Sounds like the opening words of a board meeting or something...
But, no, haven't been my usual sparkling self *G*. Minor medical probs, which are minor in the scheme of things, but enough to leave me desperately tired, so that I couldn't find the energy to both work and write.
I am hoping now, having been to the docs and changing a few things, that I shall soon regain my energy.
However, sometimes it isn't a bad thing to take a break. My brain gets overfull with 'stuff' and I've certainly been thinking lots about "Vicadia" to the point of bursting. But sometimes the brain simply says whoa! Hang on a bit and sit back and think about it, instead of rushing in the like the proverbial bull in a china shop.
So this week I have one more day at the day job and then four days off. Let's see about the word count then.
Yes, that was a threat.

The odd thing about writers is that while they can articulate perfectly on a page, when someone bluntly says to them: Well, what is the book about? No matter how passionate you are you often either mumble incoherently or launch into a half hour spiel that bores the pants off everyone. So I was thinking about that today and came up with this"

Since I asked the question, I'll start off. Imagine you are at a convention and either the agent of your dreams is standing right in front of you, or a room full of readers just waiting to read. You have five minutes.
The first question anyone asks is: What is your book about?
My answer would be:
"Games of Adversaries" is about contrasts. The story opens with two men, one fighting a brutal snow storm outside a castle, the second dancing to his god on a distant world of wealth and advancement.
Two men from different worlds brought together by tragedy and need against a common threat.
Complex men who grow to understand one another through pain and war and why
sometimes it is necessary to fight.
The underlying theme of PTSD runs through the story and how that affects people.
But there is also the fun of writing a story with spaceships and castles in the same context. The confusion of different ideologies. The stench of medieval life versus modern conveniences.
There is arrogance of strength versus mysticism and arrogance of, I have the
strength to take your world, try stopping me.
And since I have it available, a quote from a reader: (Thank you Tali Spencer)
This is a clear-eyed book that does not flinch from a difficult subject and it also has a large overarching plot with the fates of planets hanging on the outcome. Marcus and Yiahan, especially, provide some wonderful character moments, as do the mostly male supporting cast. But Games of Adversaries managed to do what few books do: it satisfied my love of philosophical underpinnings. Much as I sometimes love simple, fluffy books because I need the lightness, few things make me as happy as a deep, complex book that gives me a few things to think about. Five stars for that and for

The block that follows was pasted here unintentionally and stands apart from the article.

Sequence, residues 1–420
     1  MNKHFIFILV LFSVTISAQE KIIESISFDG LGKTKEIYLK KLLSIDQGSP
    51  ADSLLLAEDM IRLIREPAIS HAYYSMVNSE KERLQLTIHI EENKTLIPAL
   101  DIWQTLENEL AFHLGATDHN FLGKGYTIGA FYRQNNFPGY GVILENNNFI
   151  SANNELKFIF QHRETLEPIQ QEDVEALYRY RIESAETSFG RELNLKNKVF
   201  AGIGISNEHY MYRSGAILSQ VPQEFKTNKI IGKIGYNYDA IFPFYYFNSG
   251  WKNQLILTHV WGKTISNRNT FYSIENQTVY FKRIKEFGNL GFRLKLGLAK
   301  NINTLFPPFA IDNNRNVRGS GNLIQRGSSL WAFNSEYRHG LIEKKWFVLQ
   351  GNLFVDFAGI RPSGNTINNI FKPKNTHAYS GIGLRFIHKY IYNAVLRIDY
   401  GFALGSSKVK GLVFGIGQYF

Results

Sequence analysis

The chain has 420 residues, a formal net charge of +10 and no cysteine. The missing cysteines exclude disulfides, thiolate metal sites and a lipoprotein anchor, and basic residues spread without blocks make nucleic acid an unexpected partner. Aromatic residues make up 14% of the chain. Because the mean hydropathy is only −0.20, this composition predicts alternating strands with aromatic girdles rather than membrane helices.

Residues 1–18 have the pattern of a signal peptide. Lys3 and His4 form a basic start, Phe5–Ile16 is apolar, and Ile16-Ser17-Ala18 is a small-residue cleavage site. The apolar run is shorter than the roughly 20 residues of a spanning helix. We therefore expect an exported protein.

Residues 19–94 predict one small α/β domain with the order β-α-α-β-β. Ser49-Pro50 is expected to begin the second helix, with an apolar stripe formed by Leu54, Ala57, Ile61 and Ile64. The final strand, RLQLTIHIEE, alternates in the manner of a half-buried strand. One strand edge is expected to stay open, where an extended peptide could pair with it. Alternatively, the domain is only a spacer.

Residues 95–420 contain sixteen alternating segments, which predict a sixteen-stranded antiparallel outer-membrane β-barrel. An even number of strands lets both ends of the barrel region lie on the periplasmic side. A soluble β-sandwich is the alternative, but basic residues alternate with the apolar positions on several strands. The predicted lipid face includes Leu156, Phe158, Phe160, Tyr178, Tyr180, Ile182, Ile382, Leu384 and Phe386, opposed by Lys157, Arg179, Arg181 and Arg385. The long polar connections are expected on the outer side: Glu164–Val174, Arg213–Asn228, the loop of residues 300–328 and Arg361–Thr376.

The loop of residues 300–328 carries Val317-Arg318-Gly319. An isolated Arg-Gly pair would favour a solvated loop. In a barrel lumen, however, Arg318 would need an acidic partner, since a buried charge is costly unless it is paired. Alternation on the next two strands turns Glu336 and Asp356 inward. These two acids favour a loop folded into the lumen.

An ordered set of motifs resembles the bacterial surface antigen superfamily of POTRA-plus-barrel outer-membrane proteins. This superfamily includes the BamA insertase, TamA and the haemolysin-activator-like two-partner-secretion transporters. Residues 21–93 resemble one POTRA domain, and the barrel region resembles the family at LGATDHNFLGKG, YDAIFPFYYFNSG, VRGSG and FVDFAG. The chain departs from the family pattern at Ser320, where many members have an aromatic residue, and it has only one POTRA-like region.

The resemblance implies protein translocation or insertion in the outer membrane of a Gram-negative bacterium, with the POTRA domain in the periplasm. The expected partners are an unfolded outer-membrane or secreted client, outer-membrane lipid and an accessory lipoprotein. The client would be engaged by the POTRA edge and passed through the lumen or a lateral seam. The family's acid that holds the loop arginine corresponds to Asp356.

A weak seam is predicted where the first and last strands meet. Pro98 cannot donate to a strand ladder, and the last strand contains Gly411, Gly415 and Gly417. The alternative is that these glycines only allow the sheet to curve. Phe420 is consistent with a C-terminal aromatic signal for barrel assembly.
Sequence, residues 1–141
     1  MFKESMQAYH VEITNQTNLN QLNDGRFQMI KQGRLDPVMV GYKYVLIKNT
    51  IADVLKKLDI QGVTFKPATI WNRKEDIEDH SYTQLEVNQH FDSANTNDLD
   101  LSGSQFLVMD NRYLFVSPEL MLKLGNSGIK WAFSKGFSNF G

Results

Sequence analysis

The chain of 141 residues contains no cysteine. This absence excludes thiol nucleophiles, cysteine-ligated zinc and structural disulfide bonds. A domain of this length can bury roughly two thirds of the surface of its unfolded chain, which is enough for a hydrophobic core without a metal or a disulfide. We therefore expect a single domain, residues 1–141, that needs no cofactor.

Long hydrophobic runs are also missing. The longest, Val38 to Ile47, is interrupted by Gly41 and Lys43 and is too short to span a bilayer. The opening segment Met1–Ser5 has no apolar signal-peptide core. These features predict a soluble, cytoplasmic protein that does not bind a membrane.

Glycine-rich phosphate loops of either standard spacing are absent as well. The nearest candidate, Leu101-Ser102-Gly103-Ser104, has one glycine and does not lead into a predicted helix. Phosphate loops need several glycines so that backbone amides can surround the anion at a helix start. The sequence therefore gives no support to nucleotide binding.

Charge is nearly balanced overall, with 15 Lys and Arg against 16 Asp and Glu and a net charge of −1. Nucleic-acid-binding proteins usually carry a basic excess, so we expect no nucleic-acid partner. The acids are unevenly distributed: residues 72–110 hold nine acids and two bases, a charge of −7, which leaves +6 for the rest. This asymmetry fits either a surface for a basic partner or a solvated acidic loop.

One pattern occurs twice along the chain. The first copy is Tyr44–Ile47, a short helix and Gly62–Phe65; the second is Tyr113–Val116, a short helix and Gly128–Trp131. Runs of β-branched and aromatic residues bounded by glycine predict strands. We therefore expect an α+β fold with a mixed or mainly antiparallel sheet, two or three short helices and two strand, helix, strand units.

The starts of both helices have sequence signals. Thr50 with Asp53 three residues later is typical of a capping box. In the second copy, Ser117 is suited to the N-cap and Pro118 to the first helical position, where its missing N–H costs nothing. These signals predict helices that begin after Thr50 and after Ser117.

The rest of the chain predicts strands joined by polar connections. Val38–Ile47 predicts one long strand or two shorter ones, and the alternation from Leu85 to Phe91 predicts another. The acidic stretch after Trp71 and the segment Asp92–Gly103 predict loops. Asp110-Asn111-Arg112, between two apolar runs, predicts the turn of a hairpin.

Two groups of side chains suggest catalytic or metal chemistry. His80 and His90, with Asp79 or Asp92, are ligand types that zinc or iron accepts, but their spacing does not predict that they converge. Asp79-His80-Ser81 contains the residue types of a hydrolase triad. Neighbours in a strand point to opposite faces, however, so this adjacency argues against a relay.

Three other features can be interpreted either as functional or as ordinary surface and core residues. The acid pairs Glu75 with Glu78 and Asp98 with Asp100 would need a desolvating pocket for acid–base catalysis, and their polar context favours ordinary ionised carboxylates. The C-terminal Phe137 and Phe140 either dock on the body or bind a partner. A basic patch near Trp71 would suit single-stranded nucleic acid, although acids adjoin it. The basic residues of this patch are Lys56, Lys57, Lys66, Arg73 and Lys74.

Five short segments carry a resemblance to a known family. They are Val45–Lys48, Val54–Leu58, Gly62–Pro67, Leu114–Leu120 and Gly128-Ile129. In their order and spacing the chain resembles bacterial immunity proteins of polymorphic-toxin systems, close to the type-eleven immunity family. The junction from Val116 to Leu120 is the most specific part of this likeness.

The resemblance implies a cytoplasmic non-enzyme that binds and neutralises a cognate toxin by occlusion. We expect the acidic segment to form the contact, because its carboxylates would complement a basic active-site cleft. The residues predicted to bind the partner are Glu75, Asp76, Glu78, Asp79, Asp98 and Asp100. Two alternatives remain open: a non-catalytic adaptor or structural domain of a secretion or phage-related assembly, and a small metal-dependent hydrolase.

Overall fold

taking me on an exciting journey between worlds.

Very recently I received a package from the lady who drew Richard's picture, which is on my timeline on FB. She is also a teacher and did a project about soldiers. Some of the grade 10-ers chose Rich as a subject.
Broke my heart in a good way. They drew pictures and wrote us letters.

I will quote from one of them and remember this is a young kid.
"I feel it is very important that we remember all those who have passed fighting for freedom of our country. I know that Richard worked hard to train to become the best soldier and representative of Canada that he could be. I feel for you and I want to tell I'm very sorry." M
Plus, he drew a beautiful picture of Rich.

I am so glad there are teachers out there who ask kids to think.

Writing is a bit like creating a recipe. If you don't get all the ingredients just right you can go from bland to rocket-hot in minutes.
There are 'fusses' on the internets right now because some folk, like a Mr.Howey, think self-publishing is the only way to go and others say, oh no, it must be traditional. But there is no 'must' about it. It is whatever suits you, the author. At the moment there isn't a right or a wrong way because publishing is changing.
For me, I see nothing wrong with self-publishing at all, if you have the time and drive to do it. I don't have the hours or dedication needed to sit on the internet and promote and I notice such promotional 'companies' springing up like Easter bunnies. For sure there is a definite need for them, but finding a good one is a bit like finding that wonderful editor.